A review of verbal order policies in acute care hospitals.
ABSTRACT Although verbal and telephone orders (VOs) are commonly used in the patient care process, there has been little examination of the strategies and tactics used to ensure their appropriate use or how to ensure that they are accurately communicated, correctly understood, initially documented, and subsequently transcribed into the medical record and ultimately carried out as intended. A systematic review was conducted of hospital verbal and telephone order policies in acute care settings.
A stratified random sample of hospital verbal and telephone order policy documents were abstracted from critical access, rural, rural referral, and urban hospitals located in Iowa and Missouri and from academic medical centers from across the United States.
Substantial differences were found across 40 acute care settings in terms of who is authorized to give (including nonlicensed personnel) and take VOs and in terms of time allowed for the prescriber to cosign the VO. When a nonphysician or other licensed prescriber was allowed to communicate VOs, there was no discussion of the process to review the VO before it was communicated in turn to the hospital personnel receiving the order. Policies within several of the same hospitals were inconsistent in terms of the periods specified for prescriber cosignature. Few hospitals required authentication of the identity of the person making telephone VOs, nor the use of practices to improve communication reliability.
Careful review and updating of hospital VO policies is necessary to ensure that they are internally consistent and optimize patient safety. The implementation of computerized medical records and ordering systems can reduce but not eliminate the need for VOs.
Full-textDOI: · Available from: Justin Wade Davis, Jul 25, 2014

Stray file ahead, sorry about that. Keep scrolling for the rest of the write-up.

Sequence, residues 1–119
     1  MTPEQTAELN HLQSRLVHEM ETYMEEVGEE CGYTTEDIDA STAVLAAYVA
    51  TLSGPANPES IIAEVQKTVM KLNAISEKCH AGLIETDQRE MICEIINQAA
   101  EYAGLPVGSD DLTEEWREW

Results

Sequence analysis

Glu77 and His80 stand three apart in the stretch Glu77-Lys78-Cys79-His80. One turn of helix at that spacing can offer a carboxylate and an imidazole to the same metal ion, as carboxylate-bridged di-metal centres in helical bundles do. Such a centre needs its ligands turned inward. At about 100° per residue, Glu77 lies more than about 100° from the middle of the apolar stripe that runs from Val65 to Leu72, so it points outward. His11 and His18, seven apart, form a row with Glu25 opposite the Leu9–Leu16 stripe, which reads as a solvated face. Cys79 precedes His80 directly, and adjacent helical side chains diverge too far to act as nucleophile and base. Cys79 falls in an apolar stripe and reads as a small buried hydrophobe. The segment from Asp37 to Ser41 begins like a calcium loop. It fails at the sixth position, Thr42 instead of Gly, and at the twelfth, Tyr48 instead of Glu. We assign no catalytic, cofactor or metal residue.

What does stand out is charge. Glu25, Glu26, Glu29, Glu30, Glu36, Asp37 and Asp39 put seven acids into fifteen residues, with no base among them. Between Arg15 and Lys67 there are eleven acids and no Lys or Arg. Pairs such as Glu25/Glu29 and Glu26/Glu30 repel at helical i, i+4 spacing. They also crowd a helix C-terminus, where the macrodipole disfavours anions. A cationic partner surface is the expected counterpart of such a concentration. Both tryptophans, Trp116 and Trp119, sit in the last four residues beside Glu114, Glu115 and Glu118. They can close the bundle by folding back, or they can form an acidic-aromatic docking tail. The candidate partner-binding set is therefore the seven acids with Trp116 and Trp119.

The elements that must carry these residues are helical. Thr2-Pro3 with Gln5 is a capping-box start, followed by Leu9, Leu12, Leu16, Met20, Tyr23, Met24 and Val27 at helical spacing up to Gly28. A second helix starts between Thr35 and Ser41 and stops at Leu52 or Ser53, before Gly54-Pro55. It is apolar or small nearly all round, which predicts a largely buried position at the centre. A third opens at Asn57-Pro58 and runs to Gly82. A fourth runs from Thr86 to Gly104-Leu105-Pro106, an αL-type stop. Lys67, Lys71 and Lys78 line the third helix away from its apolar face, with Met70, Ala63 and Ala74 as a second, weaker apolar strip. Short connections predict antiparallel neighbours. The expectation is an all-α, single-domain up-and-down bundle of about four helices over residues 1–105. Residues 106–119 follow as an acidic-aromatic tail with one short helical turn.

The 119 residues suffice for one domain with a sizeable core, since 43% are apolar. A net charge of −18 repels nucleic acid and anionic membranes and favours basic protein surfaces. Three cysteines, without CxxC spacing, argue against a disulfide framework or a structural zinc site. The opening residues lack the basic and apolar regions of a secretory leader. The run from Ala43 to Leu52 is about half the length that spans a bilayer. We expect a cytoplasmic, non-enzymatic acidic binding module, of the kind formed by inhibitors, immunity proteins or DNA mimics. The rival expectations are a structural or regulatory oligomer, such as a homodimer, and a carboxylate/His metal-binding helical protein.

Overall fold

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ABSTRACT: This study was undertaken to measure the medication error rates associated with verbal orders compared with handwritten and computer-entered orders in an acute-care children's hospital. All medication and intravenous fluid orders for a 3-month interval were entered into a computer database. For the same interval, all errors pertaining to the transmission of a medication or intravenous fluid order were also entered into the database. Errors were detected by the hospital pharmacy, which continuously reviews all inpatient medication and intravenous fluid orders for potential errors before dispensing. Errors were also detected by nurses on the floors, who submit incident reports when medication or intravenous fluid errors occur. Verbal orders were associated with significantly lower error rates than either handwritten orders or computer-entered orders (2.6, 8.5, and 6.3 per 1000, respectively), with transcription errors and dosage errors in particular being reduced. Total error rates did not differ between residents and attending physicians. Error rates did not differ between verbal, written, and computer orders for medications with a low frequency of verbal orders and therefore presumed greater complexity. However, the verbal order error rates seemed more sensitive to order complexity than order error rates in general. The hypothesis that verbal orders are more prone to transmission error than written or computer orders is not supported by the findings in this study. Identifying medications with high levels of order complexity for restriction of verbal order use seems justified. Suggested guidelines for verbal order transmission are presented.Archives of Pediatrics and Adolescent Medicine 01/1995; 148(12):1322-6. · 4.25 Impact Factor
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